A new drug is approved for use if its efficacy and safety have been demonstrated. However, healthcare decision makers may also require data on the cost-effectiveness of new drugs if they are to make informed decisions about their place in therapy. Cost-effectiveness evidence may lag behind the effectiveness data in terms of its availability. We explored the timeliness of delivering cost-effectiveness information about new drugs with established effectiveness and significant financial impact. Drugs were identified, based on guidance documents and reports published by the UK National Institute for Clinical Excellence (NICE), and the following data were collected: dates of publication of first effectiveness and cost-effectiveness evidence, methodology of the cost-effectiveness analysis, quality scores of the clinical studies. Eighteen guidance documents on the use of new drugs/drug groups published by NICE by October 2001 covered 30 health technologies, which were included in the analysis. The analysis of the evidence showed that their effectiveness had been demonstrated in the last 12 years, with only two exceptions. However, cost-effectiveness evidence had been published for 21 (70%) of the technologies. The cost-effectiveness was estimated in 52.4% of cases using models. The good quality effectiveness evidence lagged behind the first effectiveness evidence by 1.40 years (95% CI 0.57-2.23), while the mean lag between the first effectiveness evidence and the first cost-effectiveness publications was estimated as 3.20 years (95% CI 1.76-4.65). Cost-effectiveness evidence thus often lags behind the effectiveness evidence. As a result healthcare decision makers are sometimes in a position of having to take decisions without having adequate cost-effectiveness data at their disposal.
[Show abstract][Hide abstract] ABSTRACT: Health-care technology reviews now increasingly include outcome costs as well as clinical effects. This study reports the findings and implications of a survey to explore the usefulness of the National Health Service Economic Evaluation Database (NHS EED) within this process.
Postal survey of lead authors of Technology Assessment Reviews (TARs) commissioned by the United Kingdom's National Institute for Clinical Excellence (NICE). The questionnaire investigated the usefulness of NHS EED in terms of (a) search strategy, (b) data extraction, (c) quality assessment, and (d) determining requirements for new modeling studies. Qualitative data were requested, including opinions regarding NHS EED.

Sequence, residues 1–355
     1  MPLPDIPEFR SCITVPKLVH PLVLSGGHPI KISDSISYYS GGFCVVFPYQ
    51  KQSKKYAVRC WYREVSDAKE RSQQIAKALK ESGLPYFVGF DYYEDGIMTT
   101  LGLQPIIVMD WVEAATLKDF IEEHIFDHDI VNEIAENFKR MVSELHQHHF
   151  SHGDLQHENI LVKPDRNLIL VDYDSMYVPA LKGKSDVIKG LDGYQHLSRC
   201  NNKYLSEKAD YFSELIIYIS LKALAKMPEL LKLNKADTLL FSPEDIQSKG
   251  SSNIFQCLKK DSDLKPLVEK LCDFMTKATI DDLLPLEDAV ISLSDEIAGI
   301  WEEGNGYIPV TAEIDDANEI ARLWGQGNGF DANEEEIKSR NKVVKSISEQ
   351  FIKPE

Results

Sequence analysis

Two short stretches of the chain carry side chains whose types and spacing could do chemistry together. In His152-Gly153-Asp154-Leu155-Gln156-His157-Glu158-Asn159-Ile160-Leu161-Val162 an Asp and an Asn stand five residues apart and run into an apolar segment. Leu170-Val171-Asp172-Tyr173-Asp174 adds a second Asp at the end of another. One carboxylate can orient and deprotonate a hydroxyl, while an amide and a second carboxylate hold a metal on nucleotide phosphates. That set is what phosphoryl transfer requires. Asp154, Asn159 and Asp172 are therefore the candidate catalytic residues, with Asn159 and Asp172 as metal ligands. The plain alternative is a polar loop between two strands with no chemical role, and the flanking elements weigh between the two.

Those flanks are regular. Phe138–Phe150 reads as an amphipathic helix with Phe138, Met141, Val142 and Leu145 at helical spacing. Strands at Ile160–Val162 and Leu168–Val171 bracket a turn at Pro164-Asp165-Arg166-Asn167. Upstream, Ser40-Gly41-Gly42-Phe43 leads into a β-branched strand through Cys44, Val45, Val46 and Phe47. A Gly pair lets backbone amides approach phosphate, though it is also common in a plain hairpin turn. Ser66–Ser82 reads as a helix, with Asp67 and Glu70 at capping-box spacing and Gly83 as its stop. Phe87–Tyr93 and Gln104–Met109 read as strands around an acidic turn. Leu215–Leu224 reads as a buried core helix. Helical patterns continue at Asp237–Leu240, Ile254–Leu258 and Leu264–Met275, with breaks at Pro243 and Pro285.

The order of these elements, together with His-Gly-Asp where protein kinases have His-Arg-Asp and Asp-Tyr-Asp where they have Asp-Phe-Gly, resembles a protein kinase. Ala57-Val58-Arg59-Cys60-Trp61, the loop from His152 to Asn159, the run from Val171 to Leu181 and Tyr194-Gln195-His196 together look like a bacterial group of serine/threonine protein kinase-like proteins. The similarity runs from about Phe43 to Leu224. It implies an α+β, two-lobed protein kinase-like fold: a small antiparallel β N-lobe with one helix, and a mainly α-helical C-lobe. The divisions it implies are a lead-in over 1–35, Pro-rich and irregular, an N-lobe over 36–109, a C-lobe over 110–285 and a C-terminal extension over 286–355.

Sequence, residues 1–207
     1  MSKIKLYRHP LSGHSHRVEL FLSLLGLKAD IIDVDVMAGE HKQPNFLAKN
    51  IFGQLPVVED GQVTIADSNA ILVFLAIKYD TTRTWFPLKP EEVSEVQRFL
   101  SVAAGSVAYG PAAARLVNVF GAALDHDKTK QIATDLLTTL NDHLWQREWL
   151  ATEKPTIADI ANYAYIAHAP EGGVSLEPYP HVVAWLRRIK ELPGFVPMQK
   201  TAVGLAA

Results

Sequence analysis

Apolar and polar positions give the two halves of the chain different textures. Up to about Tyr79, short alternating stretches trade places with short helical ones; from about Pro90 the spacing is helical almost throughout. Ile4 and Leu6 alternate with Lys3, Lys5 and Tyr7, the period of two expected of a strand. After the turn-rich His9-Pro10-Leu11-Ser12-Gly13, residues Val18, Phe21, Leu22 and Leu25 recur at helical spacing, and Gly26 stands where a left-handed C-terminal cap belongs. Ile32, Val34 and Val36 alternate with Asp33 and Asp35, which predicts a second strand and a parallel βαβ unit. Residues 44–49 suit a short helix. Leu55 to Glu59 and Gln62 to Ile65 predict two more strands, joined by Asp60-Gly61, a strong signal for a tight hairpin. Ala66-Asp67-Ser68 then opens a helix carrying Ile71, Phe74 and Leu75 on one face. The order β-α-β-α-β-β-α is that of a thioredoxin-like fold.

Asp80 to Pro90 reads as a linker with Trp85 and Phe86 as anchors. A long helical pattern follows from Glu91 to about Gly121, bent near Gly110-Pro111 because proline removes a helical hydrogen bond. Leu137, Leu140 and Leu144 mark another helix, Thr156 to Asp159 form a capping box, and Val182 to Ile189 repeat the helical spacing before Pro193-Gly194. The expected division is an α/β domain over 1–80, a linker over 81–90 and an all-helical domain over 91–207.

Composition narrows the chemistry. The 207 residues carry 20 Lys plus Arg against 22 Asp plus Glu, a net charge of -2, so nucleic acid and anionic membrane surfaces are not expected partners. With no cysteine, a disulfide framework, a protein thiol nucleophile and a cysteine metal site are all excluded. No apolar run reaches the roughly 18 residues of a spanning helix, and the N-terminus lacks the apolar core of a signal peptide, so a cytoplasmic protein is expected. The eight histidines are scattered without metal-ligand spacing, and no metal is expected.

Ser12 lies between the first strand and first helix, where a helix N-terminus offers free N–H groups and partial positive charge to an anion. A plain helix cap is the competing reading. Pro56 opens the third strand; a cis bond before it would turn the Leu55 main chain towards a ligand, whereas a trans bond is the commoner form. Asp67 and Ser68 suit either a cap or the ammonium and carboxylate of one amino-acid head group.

NHS EED was used in 90 percent of all identified reviews (n = 46). The questionnaire response rate was 63 percent. The percentage of scores 3 or above (most useful), 2 or below (least useful), or N/A were, respectively, (a) search strategy= 62 percent, 23 percent, 15 percent; (b) data extraction = 23 percent, 27 percent, 50 percent, (c) quality assessment= 38 percent, 19 percent, 42 percent; (d) determining requirements for new modeling studies = 27 percent, 23 percent, 50 percent. The results were expanded further in the qualitative data from the respondents.
NHS EED is a useful tool for a variety of tasks in the NICE/TAR process but not, unsurprisingly, as a replacement for understanding primary studies. There is, however, a need to reduce the impact of time lags between the publication of economic evaluations and the appearance of abstracts relating to them on NHS EED. The results will inform future developments of the NHS EED database, which should increase its usefulness to researchers.
International Journal of Technology Assessment in Health Care 02/2004; 20(3):249-57. DOI:10.1017/S0266462304001059 · 1.31 Impact Factor
[Show abstract][Hide abstract] ABSTRACT: In 1998, guidelines for pharmacoeconomic evaluation were issued in Denmark. It was left to the discretion of the industry for which products to submit a pharmacoeconomic study. The impact of this voluntary system is illustrated by a case study on reimbursement of two types of glitazones. A review is presented of the evidence on safety, effectiveness and cost-effectiveness of glitazones that was available in the public domain at the time of reimbursement decision making, which was matched to the Danish criteria for general reimbursement of new pharmaceuticals. The study concludes that the voluntary system has not supported the inclusion of efficiency considerations in reimbursement decision making on glitazones. The decision-making process may be improved by mandatory pharmacoeconomic evaluations for selected products such as glitazones, which potentially represent a benefit to patients and potentially improve the cost-effectiveness of care, while at the same time having a considerable budget impact.
The European Journal of Health Economics 11/2004; 5(3):263-9. DOI:10.1007/s10198-004-0235-4 · 2.10 Impact Factor
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